# Electric Field Direction At The Center Of a Dipole?

Ok we know for a Dipole the direction of Electric Field for points on the the dipole axis is in the direction of Dipole Moment(from -ve to +ve charge) rite? Now we also know that fields emanate from +ve charge and extend towards -ve charge. So what will be the direction of Electric Field at the center of Dipole? In the direction of Dipole Moment(ie. from -ve to +ve) or from +ve charge to -ve charge(electric fields originate from the +ve charge and extends towards -ve charge rite?)
Please clear my misconception?

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## Answers and Replies

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Opposite of the dipole moment. Your first sentence is valid for magnetic dipoles, and this is the fundamental difference between the two.

Opposite of the dipole moment. Your first sentence is valid for magnetic dipoles, and this is the fundamental difference between the two.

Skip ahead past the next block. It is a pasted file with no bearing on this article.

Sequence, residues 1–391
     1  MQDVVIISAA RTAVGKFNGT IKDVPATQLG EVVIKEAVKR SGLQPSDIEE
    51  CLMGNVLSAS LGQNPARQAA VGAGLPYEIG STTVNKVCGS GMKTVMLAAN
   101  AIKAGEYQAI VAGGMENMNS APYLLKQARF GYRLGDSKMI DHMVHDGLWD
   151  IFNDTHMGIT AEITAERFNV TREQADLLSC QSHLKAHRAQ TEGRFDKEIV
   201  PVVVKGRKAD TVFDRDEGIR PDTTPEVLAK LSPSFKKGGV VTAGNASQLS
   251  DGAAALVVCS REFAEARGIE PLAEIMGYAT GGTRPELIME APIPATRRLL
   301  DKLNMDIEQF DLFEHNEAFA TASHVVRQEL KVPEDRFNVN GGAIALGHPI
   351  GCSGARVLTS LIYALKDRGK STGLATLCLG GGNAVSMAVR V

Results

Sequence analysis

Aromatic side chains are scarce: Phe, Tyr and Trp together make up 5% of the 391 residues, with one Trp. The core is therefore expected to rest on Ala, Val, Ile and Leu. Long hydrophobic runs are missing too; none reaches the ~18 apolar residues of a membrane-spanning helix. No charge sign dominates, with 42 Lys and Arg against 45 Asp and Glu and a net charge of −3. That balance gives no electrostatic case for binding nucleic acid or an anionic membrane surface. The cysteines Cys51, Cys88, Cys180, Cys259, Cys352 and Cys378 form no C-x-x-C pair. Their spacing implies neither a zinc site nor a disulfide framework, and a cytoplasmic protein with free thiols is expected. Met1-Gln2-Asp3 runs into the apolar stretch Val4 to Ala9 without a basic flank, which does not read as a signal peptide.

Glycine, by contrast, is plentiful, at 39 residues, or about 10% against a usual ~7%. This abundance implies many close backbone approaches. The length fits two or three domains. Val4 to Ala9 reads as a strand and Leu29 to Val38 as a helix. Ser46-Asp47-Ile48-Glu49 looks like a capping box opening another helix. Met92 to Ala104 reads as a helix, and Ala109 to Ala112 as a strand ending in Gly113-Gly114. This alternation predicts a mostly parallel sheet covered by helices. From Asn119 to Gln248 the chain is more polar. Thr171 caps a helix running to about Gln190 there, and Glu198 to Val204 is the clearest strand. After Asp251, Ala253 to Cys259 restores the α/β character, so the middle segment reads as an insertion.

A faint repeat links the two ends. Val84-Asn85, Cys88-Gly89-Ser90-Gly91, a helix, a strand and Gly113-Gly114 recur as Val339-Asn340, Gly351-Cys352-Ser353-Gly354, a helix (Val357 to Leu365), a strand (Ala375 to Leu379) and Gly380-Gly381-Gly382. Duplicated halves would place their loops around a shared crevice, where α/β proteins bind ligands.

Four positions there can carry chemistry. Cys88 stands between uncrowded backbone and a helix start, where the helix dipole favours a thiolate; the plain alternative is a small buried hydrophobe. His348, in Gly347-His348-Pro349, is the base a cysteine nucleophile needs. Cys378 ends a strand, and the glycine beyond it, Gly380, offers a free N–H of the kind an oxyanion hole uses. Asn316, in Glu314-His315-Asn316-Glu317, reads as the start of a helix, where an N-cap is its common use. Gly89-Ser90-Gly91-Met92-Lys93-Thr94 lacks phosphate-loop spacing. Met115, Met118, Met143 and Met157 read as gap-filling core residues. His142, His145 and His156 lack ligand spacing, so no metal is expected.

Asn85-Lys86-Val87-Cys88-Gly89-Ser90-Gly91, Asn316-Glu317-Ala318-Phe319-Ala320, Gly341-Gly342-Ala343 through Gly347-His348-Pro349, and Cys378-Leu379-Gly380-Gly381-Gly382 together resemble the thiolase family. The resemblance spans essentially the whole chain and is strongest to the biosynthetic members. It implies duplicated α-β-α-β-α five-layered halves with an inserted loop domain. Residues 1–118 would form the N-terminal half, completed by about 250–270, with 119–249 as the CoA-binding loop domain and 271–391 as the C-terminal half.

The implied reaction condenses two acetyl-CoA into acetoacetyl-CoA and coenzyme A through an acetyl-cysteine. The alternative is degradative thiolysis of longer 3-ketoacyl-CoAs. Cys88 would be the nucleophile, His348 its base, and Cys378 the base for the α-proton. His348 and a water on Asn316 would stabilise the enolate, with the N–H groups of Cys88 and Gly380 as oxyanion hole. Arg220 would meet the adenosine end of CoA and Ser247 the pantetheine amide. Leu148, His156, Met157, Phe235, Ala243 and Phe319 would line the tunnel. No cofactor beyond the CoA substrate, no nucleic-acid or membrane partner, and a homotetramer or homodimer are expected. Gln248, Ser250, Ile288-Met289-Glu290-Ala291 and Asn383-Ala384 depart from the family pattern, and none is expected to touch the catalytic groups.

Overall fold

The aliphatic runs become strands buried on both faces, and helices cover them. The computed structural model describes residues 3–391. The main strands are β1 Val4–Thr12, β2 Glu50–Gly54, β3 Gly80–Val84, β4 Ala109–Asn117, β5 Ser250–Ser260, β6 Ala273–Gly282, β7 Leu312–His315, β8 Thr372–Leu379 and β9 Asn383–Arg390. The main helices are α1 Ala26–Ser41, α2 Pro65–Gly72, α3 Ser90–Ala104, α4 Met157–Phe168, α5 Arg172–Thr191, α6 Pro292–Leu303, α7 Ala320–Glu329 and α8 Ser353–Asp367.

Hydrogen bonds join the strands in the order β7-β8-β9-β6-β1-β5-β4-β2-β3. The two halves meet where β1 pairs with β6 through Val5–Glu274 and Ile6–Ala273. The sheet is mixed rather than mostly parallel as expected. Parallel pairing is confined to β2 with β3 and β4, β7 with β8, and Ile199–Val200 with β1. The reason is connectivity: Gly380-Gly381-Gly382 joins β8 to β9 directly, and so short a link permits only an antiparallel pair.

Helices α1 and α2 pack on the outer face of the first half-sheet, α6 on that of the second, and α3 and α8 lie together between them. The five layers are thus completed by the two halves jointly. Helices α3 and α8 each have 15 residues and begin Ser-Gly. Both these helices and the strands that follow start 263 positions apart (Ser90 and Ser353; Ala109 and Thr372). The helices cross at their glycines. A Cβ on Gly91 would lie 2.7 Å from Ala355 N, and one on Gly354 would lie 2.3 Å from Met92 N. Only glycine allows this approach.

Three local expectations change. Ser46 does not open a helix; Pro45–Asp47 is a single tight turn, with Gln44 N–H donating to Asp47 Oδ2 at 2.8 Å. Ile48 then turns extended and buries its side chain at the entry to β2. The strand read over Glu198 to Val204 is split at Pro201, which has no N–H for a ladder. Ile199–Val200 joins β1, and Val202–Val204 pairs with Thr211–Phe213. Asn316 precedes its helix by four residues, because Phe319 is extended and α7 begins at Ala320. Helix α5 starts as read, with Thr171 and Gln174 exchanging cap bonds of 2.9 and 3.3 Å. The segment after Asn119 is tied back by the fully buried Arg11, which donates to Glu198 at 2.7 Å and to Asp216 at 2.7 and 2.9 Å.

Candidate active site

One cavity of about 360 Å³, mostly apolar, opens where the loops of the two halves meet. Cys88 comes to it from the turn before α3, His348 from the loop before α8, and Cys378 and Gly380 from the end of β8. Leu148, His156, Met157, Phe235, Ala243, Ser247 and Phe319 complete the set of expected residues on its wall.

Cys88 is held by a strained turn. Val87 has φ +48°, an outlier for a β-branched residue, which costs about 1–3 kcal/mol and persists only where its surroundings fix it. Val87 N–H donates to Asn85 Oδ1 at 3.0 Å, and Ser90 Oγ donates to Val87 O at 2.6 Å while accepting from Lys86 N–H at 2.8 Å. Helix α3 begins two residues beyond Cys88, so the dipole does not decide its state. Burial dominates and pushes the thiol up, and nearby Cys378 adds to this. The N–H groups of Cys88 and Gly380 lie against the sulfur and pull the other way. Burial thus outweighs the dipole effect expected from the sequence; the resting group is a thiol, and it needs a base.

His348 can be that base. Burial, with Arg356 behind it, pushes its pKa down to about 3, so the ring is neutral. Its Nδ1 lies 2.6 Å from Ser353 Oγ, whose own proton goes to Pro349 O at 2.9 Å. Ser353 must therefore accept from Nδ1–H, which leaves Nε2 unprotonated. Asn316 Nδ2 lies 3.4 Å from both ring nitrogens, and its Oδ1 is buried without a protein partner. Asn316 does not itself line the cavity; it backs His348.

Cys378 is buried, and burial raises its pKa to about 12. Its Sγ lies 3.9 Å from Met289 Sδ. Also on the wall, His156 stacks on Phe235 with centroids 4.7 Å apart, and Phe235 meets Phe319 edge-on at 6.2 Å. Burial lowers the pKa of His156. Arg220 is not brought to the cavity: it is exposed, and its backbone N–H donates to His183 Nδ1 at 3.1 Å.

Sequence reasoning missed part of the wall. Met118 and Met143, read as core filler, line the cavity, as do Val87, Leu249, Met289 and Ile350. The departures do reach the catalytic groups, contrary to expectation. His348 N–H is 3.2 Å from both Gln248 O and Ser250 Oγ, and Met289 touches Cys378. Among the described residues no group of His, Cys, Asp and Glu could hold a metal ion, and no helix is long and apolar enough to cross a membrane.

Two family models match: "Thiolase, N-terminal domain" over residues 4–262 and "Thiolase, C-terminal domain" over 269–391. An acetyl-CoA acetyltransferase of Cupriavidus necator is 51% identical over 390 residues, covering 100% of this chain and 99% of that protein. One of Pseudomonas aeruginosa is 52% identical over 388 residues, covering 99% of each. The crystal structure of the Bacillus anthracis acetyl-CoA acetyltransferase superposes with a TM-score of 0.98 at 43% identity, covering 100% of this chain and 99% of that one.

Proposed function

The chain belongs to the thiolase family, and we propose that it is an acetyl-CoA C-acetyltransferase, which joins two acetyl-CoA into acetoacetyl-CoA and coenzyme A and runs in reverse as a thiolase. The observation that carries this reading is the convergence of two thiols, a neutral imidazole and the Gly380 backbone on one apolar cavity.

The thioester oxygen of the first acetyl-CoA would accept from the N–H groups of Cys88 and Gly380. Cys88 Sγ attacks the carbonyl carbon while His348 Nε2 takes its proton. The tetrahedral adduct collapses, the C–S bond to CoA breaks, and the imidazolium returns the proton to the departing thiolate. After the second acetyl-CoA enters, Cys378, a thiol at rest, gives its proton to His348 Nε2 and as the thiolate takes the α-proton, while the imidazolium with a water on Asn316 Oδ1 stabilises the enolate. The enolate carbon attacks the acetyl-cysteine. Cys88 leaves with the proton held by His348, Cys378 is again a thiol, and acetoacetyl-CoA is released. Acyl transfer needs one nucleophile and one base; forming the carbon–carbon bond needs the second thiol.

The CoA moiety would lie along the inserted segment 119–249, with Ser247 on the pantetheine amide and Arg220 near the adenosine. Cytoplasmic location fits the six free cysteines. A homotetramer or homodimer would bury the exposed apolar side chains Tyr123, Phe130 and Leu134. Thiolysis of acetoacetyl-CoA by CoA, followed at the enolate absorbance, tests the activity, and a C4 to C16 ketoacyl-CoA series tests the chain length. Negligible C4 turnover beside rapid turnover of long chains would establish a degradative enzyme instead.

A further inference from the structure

Fundamental difference between two??
Magnetic dipole? What other kinds of dipoles are there?
So you mean for a magnetic dipole the direction of electric field at the center is in the direction of dipole moment?

For a magnetic dipole, the direction of the magnetic field is the same as the direction of the magnetic dipole moment at the center of the dipole.

For electric dipoles, the direction of the electric field, being always from the positive to the negative charge, is directed oppositely from the direction of the electric dipole moment at its center, being conventionally chosen to be from the negative to the positive charge.

For a magnetic dipole, the direction of the magnetic field is the same as the direction of the magnetic dipole moment at the center of the dipole.

For electric dipoles, the direction of the electric field, being always from the positive to the negative charge, is directed oppositely from the direction of the electric dipole moment at its center, being conventionally chosen to be from the negative to the positive charge.
Got it :)
Thanks